In our study, 54.1% of samples with PDGFRα present mutation in exon hotspot18 which encodes the tyrosine kinase domain II, a highly conserved region in PDGFRA gene. We noticed that mutations in the flanking intron parts have no impact on PDGFRα expression given the absence of association between these mutations and the overexpression of PDGFRα. However, in the coding region, we have found 4 non synonymous mutations which changed 3D PDGFRα structure according to the HOPE web server (https://www.cmbi.ru.nl/hope/). Two non-synonymous mutations were previously reported: the c.2464C > T (COSM5772696) was described in colorectal cancer , as well as in other cancers  (COSMIC database: https://cancer.sanger.ac.uk/cosmic/gene/analysis?ln=PDGFRA), and, the c.2464C > A (COSM19324) identified only in gastrointestinal stromal tumor . Our study also revealed the presence of 6 synonymous variations which might affect protein features, splicing sites or mRNA folding or stability according to mutation taster, HSF and mfold RNA prediction tools. Similar results were reported for other synonymous variation in CRC and other malignancy via the same mechanisms mentioned above [32,33,34]. This would have phenotypic effect on protein expression [35, 36]. Our analysis showed a non-significant but a tendency toward association between the presence of synonymous variations and the PDGFRα overexpression (P = 0.069; data not shown). However, it was shown by in vitro analysis that the synonymous polymorphism (c.2472C > T), found in our study, reduces PDGFRα expression in acral melanoma via decreasing its mRNA and protein stability and its downstream signaling activity (MAPK and PI3K/AKT) . In the same study, this polymorphism was associated to better survival . However, it was reported as significantly associated with worse prognosis in renal cell carcinoma . Effect of synonymous variation on protein expression could be the result of organ specificity. In our study, synonymous and non-synonymous mutations observed in the coding region of the PDGFRA gene were not observed in normal colon tissues. Therefore, the presence of these mutations in the coding conserved region could explain that high PDGFRα expression (P = 0.024) might lead to colorectal carcinogenesis. In the same context, work on colorectal cancer has demonstrated the presence of other activating mutation as the D842V in the exon 18 in 2 of 322 ADK cases . This mutation investigated for the determination of the response to Imatinib GIST therapy wasn’t detected in our study. In contrast to our results, Shao et al. showed the absence of PDGFRA mutations in 46 human colorectal cancer samples .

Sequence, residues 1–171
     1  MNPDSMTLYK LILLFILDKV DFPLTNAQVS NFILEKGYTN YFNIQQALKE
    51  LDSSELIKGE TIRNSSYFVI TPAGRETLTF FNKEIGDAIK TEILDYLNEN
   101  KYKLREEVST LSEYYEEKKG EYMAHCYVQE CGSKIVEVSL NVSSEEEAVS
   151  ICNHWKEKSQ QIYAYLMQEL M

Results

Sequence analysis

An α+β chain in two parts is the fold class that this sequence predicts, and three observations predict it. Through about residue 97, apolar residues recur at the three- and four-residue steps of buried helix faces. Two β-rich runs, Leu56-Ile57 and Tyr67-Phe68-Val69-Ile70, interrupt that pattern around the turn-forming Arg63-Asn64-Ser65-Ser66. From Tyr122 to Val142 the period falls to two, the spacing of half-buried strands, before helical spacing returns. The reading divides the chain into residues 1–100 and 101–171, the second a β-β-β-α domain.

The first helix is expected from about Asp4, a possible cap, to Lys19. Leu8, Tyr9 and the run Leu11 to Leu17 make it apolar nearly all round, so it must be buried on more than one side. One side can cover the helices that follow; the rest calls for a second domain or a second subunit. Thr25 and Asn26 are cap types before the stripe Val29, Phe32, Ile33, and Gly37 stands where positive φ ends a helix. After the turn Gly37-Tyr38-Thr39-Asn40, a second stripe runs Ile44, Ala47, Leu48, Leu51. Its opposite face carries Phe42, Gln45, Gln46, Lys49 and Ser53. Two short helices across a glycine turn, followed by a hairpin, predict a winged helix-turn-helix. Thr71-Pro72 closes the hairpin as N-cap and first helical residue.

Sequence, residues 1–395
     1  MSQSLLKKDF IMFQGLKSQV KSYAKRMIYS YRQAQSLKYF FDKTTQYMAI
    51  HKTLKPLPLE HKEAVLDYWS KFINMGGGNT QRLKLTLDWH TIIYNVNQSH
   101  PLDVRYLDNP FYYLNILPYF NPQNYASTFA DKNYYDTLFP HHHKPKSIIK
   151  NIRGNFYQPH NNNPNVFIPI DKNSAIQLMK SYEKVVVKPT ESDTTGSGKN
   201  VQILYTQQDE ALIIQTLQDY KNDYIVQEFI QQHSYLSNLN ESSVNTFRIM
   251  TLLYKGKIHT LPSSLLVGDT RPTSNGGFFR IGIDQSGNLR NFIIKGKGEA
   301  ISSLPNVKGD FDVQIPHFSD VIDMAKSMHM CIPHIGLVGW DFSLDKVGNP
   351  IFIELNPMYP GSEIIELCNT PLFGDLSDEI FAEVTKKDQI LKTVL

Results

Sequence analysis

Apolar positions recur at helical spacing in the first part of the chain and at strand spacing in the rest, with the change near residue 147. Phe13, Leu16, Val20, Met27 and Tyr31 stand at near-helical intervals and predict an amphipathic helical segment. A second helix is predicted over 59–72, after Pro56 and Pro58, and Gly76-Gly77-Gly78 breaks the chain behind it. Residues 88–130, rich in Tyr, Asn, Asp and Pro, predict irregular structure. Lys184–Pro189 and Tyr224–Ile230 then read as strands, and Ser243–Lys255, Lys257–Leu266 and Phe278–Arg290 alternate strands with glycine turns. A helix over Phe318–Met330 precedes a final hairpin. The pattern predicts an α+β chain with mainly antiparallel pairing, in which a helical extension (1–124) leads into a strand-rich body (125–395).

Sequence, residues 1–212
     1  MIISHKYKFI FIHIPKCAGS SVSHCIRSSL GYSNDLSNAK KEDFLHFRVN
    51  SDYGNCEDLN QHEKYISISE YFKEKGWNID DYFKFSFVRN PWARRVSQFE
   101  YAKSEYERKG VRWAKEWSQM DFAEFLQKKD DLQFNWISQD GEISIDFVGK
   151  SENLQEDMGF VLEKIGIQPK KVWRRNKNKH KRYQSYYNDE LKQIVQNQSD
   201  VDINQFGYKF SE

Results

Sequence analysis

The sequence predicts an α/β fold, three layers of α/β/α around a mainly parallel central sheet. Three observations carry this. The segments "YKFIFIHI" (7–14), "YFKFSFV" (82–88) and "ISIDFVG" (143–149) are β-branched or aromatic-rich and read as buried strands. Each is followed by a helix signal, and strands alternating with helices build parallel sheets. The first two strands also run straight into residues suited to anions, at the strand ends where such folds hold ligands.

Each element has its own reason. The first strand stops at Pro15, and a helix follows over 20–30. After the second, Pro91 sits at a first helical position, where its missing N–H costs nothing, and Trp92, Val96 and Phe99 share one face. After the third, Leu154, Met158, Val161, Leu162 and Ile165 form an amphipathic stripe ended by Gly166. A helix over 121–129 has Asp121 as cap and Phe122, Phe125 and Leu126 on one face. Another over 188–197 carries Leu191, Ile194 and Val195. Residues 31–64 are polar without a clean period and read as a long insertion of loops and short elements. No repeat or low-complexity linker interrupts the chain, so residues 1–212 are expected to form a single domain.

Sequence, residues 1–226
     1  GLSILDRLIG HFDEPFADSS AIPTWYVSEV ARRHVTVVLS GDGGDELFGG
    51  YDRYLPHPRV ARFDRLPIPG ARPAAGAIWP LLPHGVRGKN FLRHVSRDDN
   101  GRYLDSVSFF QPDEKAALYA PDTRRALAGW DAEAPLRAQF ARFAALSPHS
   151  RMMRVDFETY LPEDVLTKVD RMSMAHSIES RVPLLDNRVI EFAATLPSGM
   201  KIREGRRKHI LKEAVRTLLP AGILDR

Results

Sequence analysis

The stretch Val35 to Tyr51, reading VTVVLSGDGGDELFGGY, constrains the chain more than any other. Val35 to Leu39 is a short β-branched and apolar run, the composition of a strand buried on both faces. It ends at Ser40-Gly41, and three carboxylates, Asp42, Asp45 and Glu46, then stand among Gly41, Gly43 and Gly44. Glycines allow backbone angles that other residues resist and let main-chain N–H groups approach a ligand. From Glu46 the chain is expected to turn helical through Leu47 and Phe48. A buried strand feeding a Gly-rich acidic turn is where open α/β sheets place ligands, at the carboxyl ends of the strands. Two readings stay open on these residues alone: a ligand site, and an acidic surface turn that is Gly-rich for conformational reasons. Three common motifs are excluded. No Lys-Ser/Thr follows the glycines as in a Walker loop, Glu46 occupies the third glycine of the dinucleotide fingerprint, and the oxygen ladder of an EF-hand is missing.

Moreover, our results showed that 45.9% (17/37) of cases with PDGFRα overexpression have no mutation in the exon 18. Overexpression of PDGFRα in these cases could be explained by the presence of mutations in other exons of the gene [14, 39] or other activating mechanisms including gene amplification, autocrine loop activation, chromosomal alterations producing PDGFRα fusion with other gene and the deregulation of miRNA as miR-34a [4, 24, 27]. Increased PDGFRα expression could be caused also by the activating effect of signaling pathway as the Sonic Hedgehog pathway .
PDGFRα expression and clinicopathological parameters